War for my Mind – Part 2

Is mind control real? Can someone else control my thoughts? If so just how controlled can one be? How exactly does mind control work? How prevalent is mind control?

If an individual is able to convince another person(s) that they are a god then that individual has obtained at least partial (mind) control of the thinking of that person. In order to convince someone of your godhood deception is required, even if the person actually believes they are a god, they then come from a place of self deception. On the grand scale of all lies, does not “I’m a god, worship me” rank really high on the list? At least in the top 10. If people will accept the deception that a human is a god, then isn’t any other deception but child’s play? But why or how does a person choose to believe a grand deception, or any deception for that matter?

Let’s address three scenarios;
Scenario 1: I am told a lie, have no reason to doubt or suspect deception, and therefore believe the lie.
Scenario 2: I am told a lie, have reason to doubt or suspect deception, but believe the lie anyway.
Scenario 3: I am told a lie, I know it is deception, but choose to accept the lie.

Scenario 1 is the most powerful. It is here that one is truly deceived. It is here that a person believes falsehood to be truth. From the standpoint of the deceiver, this is where they always want to be. It seems to me that ‘trust’ is a major factor in order for Scenario 1 to occur. A classic example is Santa Claus. The young child is told by his parents that SC is real, some of their friends agree, others say he is not, but since they trust their parents more than their peers they believe the deception. Do you remember the SC holdouts, the 10yo+ kids who still believed? I guarantee you they had parents who continued the deception. Anyone who has done any deep study of History knows just how ‘bias’, and that can be a gross understatement, history texts can be. In school we’re implicitly taught to trust the system, and explicitly to trust the teacher. So if the teacher, we trust, teaches from a history text, we assume the information is factual. It does not matter whether the teacher believes the text is true, or knows it to be false, the end result is the same. The deceived perpetuate the deception. The chain or pyramid of trust… which, imo, demonstrates how easy it is to be deceived. So then is ‘trust’ a required ingredient of deception? I admit this is a new thought for me… and a disturbing one.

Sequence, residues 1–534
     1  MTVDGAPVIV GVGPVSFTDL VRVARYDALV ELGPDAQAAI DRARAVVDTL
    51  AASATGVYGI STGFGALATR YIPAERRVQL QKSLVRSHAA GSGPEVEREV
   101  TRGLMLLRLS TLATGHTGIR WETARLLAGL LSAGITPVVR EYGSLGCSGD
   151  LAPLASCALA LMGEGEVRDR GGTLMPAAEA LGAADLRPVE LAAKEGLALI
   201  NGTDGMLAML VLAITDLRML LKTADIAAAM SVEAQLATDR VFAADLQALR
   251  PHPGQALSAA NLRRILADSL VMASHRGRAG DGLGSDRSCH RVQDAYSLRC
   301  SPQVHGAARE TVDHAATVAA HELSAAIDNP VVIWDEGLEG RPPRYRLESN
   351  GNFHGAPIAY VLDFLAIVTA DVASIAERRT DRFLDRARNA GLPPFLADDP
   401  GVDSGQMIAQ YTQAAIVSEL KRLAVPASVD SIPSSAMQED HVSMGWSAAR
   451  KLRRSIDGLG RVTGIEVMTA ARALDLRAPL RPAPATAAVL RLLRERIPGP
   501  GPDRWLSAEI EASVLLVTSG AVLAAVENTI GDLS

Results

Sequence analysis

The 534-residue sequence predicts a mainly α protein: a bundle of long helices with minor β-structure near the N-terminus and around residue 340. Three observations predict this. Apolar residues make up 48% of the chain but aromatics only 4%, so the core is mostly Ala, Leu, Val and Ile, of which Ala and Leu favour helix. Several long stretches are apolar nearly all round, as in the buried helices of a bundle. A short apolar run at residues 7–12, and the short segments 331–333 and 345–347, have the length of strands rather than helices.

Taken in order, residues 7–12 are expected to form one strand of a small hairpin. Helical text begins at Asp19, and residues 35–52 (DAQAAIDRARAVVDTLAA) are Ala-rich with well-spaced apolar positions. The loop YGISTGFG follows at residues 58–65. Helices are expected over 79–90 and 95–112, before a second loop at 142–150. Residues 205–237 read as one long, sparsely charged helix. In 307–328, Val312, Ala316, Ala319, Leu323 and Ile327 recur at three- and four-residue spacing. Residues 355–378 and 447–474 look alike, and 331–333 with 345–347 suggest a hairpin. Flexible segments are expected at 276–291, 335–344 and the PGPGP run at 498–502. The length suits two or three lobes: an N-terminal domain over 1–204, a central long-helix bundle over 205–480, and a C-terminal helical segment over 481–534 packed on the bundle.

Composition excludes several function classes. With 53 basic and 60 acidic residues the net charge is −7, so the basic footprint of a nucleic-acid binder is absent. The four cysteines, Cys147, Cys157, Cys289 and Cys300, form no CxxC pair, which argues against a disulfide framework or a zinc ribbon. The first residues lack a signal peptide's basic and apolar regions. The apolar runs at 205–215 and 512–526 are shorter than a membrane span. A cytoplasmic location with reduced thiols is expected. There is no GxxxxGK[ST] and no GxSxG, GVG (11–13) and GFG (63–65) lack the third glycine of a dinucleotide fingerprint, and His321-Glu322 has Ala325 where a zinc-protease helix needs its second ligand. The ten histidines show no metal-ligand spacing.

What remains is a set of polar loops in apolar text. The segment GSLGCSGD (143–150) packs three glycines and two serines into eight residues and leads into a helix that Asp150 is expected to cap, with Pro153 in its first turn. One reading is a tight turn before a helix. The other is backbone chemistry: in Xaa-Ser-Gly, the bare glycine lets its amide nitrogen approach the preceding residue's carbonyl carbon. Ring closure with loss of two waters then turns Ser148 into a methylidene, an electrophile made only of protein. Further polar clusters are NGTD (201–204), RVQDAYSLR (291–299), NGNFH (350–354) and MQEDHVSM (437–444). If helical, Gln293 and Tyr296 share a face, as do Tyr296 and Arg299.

In this they [the Jews] proceeded on the sound principle that the magnitude of a lie always contains a certain factor of credibility, since the great masses of the people in the very bottom of their hearts tend to be corrupted rather than consciously and purposely evil, and that, therefore, in view of the primitive simplicity of their minds, they more easily fall victim to a big lie than to a little one, since they themselves lie in little things, but would be ashamed of lies that were too big. Such a falsehood will never enter their heads, and they will not be able to believe in the possibility of such monstrous effrontery and infamous misrepresentation in others.…” (p. 231 of the Manheim translation)